Humour is even acknowledged in religion. Osho taught that laughter was releasing, and held sessions in laughter release, he also taught that laughter brought energy to the fore and was for a few moments a meditative state. Both Jesus and St. Paul used sarcasm. The Christian Pentecostal movement encouraged holy laughter as healing. In the Medieval Church a mass was developed in France where the lowest of society were invited to take high position and celebrate their own version of the mass, a social inversion, pure comedy. It was an attempt to offer an opporunity to release social pressure.  Naturally, the Church hierarchy were horrified, but the Feast Of Fools is still celebrated (and still upsets serious minded purists, which in my view is a good thing). In his book, “My Spiritual Journey” the Dalai Lama, reflecting on the many sadnesses of exile and hardship, says: “… I am a professional laugher …”  There is even laugher yoga.

Laughter is also homespun, families have their own treasure chest of humourous moments. Some yo uhave had to have been there to really get the humour. Mine include dad handing mum the steering wheel when it detached from the column (as we entered the school parking lot). Or when our family were at a Chinese restaurant and the vegetable oil for the sizzle dish spilled onto a napkin and my yongest son said: “I’ll help” and tried to blow it out, turning it into a blow torch that set fire to my beard (fortunately quickly doused). We are still laughing.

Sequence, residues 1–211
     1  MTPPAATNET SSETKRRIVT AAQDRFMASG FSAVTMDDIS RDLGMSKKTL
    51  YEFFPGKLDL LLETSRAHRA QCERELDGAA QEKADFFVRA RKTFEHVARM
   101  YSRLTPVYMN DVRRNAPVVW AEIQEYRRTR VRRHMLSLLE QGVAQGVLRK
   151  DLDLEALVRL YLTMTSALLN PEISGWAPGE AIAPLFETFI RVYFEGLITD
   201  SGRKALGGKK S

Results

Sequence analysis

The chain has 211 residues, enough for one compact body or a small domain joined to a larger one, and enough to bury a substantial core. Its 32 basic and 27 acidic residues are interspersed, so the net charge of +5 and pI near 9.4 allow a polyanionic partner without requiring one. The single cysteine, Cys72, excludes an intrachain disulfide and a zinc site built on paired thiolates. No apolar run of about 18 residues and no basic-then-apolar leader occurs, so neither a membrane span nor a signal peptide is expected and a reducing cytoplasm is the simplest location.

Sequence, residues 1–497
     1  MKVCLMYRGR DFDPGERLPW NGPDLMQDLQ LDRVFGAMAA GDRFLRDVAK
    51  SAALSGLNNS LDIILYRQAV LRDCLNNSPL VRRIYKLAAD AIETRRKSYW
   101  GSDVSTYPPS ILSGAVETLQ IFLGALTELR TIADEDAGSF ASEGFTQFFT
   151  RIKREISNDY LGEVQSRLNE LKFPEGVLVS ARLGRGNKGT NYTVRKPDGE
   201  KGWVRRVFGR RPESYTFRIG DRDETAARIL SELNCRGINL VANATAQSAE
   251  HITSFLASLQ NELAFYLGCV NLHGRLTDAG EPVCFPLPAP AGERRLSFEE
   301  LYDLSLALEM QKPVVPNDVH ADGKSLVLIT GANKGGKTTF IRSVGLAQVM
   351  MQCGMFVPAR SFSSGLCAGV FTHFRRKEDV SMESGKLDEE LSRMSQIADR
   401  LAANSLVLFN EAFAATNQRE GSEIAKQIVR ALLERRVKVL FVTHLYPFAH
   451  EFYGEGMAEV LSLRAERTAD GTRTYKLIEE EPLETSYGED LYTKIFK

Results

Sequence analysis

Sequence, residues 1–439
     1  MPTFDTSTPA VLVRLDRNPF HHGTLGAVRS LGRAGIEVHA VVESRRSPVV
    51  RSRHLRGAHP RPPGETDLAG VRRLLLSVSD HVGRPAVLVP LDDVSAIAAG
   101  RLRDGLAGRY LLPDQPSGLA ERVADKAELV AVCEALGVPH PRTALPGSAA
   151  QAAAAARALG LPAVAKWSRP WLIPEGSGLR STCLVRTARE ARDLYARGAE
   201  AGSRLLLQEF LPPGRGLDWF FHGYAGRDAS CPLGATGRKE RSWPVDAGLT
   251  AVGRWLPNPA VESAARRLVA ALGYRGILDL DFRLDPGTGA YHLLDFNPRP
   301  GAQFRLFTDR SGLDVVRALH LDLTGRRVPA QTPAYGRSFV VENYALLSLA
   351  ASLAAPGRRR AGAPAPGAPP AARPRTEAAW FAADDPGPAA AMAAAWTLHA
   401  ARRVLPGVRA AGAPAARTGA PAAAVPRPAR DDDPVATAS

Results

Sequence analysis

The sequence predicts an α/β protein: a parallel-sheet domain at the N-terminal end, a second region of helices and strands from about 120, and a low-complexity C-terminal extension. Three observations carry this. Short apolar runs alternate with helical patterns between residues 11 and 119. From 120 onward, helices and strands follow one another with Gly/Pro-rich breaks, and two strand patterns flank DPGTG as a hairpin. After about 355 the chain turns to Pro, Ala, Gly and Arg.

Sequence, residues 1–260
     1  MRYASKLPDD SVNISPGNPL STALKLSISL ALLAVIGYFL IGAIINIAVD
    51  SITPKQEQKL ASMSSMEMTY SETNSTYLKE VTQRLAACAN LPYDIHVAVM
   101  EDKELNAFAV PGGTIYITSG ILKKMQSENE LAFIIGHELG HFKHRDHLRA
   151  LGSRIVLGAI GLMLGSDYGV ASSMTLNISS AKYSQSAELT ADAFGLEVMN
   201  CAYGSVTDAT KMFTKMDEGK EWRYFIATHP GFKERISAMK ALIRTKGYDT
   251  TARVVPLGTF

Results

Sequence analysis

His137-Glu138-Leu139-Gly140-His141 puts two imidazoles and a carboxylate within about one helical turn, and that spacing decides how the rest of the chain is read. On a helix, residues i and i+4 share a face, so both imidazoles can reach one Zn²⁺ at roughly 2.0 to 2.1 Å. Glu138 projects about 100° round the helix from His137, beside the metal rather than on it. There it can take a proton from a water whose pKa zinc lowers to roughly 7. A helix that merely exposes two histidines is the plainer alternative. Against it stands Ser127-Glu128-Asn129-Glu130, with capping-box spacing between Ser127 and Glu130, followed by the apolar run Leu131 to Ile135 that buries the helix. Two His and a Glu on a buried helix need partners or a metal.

Laughter is releasing and it is claimed that it brings several health benefits. It destresses, uplifts, it is contagious, breaks down barriers, is enjoyable … Some of you would be familiar with the maxim of the Readers Digest – “laughter is the best medicine.” I certianly feel much better after a good laugh.

I love a good laugh and I don’t mind being laughed about. I like ot think I’m a professional laugher – I hope you are too.

For those who are more serious minded a video about laughter 😊

sitting for dinner
my beard is aflame now
laughter douses it

©Paul Cannon

Paul,

pvcann.com